The Webster dictionary defines immortality as ‘exempt from death’ or ‘exempt from oblivion’.
What’s the big deal about immortality? You have all the time in the world to do whatever you want, to eat as many plates of biryani as you want, post as many pictures on Instagram as you want, visit as many places as you want because you never have to die! Why do we not want to die?
For some people, it feels like they are racing against time. They have a few limited years before death closes in on them with resounding finality. There are things to do. Places to be. People to meet. They have a thirst for knowledge, a thirst to experience as much as they possibly can. To breathe it all in and to feel it all. Dying means putting a time limit on this.
For some people, the proof of their existence lies outside themselves. They look for evidence of their life in the lives of other people. Dying to them means they can no longer see this reflection. They can no longer find the reassurance of their existence.
From a biological perspective, the point of life is the continuation of life. All living beings are hardwired to ensure the continuation of their species. As humans, we have evolved far enough for this need to apply to our individual self. So for some people dying means an end to the ‘value’ they have attached to this existence.
The fact of mortality influences all these people differently.
For the first kind, mortality drives them to make most of the time they have. It sets a time limit on what they can do in a single lifetime, giving birth to explorers, scholars, discoverers and wanderers.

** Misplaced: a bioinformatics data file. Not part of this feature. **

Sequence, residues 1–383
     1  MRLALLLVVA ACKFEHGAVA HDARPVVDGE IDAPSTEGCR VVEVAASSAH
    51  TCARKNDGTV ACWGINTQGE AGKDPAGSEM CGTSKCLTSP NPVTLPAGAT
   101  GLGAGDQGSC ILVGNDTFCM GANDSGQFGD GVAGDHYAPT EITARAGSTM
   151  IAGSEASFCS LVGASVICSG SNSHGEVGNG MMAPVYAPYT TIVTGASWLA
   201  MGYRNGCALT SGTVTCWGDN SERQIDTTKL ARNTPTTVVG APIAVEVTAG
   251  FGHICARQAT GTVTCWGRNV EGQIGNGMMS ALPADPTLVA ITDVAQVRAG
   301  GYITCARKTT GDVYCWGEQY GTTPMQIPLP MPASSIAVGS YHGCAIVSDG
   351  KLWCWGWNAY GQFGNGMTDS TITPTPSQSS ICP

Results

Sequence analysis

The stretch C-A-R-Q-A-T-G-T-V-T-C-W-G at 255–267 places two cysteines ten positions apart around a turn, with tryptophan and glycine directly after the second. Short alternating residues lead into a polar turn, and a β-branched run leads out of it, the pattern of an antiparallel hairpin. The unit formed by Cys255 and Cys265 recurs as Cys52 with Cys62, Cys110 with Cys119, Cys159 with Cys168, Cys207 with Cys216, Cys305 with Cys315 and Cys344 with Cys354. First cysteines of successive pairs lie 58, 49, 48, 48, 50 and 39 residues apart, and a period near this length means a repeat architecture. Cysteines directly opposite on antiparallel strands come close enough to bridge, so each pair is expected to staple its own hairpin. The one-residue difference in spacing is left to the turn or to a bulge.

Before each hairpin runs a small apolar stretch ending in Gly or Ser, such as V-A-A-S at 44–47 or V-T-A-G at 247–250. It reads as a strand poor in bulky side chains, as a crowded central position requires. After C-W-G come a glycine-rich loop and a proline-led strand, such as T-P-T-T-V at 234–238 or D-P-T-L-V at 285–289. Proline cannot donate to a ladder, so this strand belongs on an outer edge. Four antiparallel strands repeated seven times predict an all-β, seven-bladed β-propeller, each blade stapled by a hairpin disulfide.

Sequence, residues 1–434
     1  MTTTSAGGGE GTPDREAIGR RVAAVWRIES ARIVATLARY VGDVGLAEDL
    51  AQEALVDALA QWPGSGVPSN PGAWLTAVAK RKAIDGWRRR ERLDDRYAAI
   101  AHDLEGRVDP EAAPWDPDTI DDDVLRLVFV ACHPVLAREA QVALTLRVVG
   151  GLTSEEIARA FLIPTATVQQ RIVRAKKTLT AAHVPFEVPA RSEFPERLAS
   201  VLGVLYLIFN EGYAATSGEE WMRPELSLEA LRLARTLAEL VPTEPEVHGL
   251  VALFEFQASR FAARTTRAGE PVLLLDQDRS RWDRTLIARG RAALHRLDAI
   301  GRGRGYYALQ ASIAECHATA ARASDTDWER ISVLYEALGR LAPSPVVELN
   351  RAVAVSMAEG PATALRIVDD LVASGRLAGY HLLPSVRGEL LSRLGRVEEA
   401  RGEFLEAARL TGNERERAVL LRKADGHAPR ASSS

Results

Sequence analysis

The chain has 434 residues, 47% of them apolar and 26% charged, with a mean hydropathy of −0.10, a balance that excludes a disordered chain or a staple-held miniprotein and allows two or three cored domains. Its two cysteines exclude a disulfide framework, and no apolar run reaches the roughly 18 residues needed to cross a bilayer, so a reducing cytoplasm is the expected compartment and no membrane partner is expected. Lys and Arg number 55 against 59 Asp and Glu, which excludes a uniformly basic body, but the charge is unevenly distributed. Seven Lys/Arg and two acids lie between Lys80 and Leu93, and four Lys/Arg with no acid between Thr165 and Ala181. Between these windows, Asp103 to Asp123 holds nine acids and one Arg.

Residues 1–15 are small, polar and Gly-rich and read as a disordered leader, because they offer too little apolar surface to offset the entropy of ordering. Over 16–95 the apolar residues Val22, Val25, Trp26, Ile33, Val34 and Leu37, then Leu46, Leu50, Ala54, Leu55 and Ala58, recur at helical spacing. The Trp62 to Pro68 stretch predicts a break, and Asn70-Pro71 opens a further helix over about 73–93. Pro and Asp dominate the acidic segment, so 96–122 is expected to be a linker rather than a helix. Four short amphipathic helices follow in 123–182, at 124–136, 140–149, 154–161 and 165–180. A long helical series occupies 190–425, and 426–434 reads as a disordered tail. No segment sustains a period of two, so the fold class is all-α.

For the second kind of people, it drives them to touch lives in any known way they can. They try to leave a mark in the lives of others before they die. We have the altruists, the caregivers and the philanthropists to name a few.
For our last group of people, mortality triggers a need to leave a part of themselves behind- a mark, a legacy- that would continue to exist even after they die. Death pressures them to leave a material existence of their life behind. To find a space in the world when they are no longer a part of it. They immortalize themselves through art, music, writing and conquest.
What we have in abundance is what we take for granted. And the things we take for granted are those which we do not appreciate. It is the expiry date on things which makes them more beautiful. We appreciate sunsets because there are only a limited number of sunsets we can watch. If we had forever, though it might be the same sun rising and setting we might not look at it the same. We hold our breath in awe when we watch a flower blossom because we know this is not something that happens every day of the year. We hurry in time for the bloom because we know that if we are too late they would start withering away.
But what if they were in bloom all year long? What if they never withered? If you had forever, what could possibly catch your breath? If you knew you couldn’t die, what would get your heart pumping and your blood rushing?
When you are alive, you have the whole universe existing for you. You can taste the small grains of salt or witness a spectacular meteor shower. In death it all becomes meaningless. It is the lack of meaning in death that makes life more meaningful. It is knowing all will be lost once which makes us want to make the most of what we have now.
Inspired by Circe by Madeline Miller